Special Report | October 2014 | By Sam Oches

The Drive-Thru Performance Study

How does your brand stack up against the drive-thru competition?
Quick service restaurant brands enhance drive thru systems to improve operation.
El Pollo Loco employees tell customers what is in every bag they hand them to improve order accuracy in the drive thru. El Pollo Loco

A lot has been said about the dramatic transformation the limited-service restaurant industry has experienced in the last five to 10 years. Observers have noted a range of factors that have shoved along the change, from the pressures to offer healthier food to younger generations’ desire for more creative menu opportunities.

But there’s a bigger reason for all of this change, an explanation for why innovation and development in the limited-service space has entered overdrive: competition. The sheer number of brands crowding into every niche imaginable in quick service has forced players to become better, faster, stronger, more convenient. And that pressure to perform at a higher level has had broad implications on the drive-thru operation, where companies have tinkered with various components in an effort to create an outdoor lane that facilitates a top-shelf brand experience.

QSR has monitored the changing drive thru for the last 16 years, measuring the industry’s evolution in metrics such as speed and accuracy. A few things have become clear over the last few years. For one, it was obvious that speed and accuracy were going in different directions, the former plateauing, even slowing down, as menu items became more complex, the latter improving as brands stressed operational efficiencies. Secondly, as the data conformed to more rigorous standards at each of the benchmark brands, the story about the drive-thru operation’s present and future became less interesting; the data, less practical.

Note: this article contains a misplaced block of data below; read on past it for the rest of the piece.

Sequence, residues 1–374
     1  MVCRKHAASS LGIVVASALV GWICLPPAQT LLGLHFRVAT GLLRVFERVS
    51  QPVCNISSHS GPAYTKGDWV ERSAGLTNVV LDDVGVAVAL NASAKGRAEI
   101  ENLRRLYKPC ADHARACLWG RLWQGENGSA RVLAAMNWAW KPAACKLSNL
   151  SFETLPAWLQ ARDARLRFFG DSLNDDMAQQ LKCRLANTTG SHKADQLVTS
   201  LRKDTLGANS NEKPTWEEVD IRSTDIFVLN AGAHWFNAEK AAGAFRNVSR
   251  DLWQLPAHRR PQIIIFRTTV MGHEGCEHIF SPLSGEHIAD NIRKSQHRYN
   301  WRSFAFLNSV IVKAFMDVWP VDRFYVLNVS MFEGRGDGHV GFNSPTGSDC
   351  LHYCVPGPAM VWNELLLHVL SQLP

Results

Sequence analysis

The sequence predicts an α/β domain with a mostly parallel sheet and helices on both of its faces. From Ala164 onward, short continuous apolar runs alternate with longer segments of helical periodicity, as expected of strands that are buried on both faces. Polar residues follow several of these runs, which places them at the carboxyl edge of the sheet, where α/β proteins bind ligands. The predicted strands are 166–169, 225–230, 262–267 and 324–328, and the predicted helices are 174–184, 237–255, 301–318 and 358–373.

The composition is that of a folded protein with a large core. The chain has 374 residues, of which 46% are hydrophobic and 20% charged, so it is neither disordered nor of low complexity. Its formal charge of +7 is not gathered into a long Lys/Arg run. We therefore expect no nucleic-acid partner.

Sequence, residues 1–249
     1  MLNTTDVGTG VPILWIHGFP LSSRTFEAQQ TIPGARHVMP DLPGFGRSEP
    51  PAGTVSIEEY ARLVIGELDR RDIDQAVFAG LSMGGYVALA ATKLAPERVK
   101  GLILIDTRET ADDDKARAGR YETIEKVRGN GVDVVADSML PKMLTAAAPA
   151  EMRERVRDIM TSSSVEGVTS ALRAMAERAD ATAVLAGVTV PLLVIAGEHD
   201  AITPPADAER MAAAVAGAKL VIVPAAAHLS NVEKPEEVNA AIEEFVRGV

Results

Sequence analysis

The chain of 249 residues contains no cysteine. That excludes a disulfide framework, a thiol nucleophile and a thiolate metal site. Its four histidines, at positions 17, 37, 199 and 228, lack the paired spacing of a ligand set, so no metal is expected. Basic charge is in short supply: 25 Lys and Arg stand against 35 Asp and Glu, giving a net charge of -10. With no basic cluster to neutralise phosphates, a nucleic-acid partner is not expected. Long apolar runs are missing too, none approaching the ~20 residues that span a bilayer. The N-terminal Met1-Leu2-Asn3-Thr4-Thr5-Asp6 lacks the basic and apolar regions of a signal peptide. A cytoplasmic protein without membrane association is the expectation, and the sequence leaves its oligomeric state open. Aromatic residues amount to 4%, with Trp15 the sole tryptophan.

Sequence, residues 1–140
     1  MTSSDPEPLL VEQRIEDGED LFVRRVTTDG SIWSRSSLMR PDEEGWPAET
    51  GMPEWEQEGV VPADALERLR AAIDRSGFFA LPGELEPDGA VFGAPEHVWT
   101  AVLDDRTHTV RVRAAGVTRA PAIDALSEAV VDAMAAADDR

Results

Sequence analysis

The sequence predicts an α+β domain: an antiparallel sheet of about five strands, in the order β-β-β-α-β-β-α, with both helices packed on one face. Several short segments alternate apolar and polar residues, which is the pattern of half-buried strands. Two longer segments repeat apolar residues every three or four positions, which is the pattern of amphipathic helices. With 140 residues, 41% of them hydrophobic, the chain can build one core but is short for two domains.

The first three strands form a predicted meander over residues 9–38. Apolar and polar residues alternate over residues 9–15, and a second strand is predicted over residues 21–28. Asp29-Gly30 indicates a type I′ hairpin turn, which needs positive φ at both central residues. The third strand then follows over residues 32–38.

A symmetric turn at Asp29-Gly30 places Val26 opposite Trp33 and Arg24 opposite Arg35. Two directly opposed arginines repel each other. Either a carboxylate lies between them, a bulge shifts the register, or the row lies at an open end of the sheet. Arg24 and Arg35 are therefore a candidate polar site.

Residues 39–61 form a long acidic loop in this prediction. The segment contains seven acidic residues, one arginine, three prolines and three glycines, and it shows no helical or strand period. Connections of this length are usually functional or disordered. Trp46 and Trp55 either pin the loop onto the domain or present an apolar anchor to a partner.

This year, we approached the Drive-Thru Study considering how the data and the story might be most resourceful for the quick-service industry. To that end, we researched 23 of the top drive-thru brands, and, rather than analyze the data based on individual chains, we took a look at the numbers through two separate lenses that are increasingly shading the industry conversation. One is individual dayparts, reflecting operators’ push toward more business during nontradtional meal times; the other is menu segment and the crowding field that most major brands find themselves playing in. It’s all in an effort to better set a precedent for what really matters in your business: how to beat the competition.

“Instead of a chain-by-chain analysis, we thought it would be interesting to examine how service during different dayparts might look,” says Brian Baker, who has headed the Drive-Thru Study since its inception. “We also segmented chains based on menu so we can explore differences based on what you might be craving any particular day. Although some of the results were expected, there were a few surprises along the way, too.”

Traditionally, speed, accuracy, and a friendly, pleasant experience have always been top concerns for quick-service operators as they evaluate the success of their drive thru. But each has gone its separate way in the last several years as the brands have tailored their drive thrus to evolving consumer demands.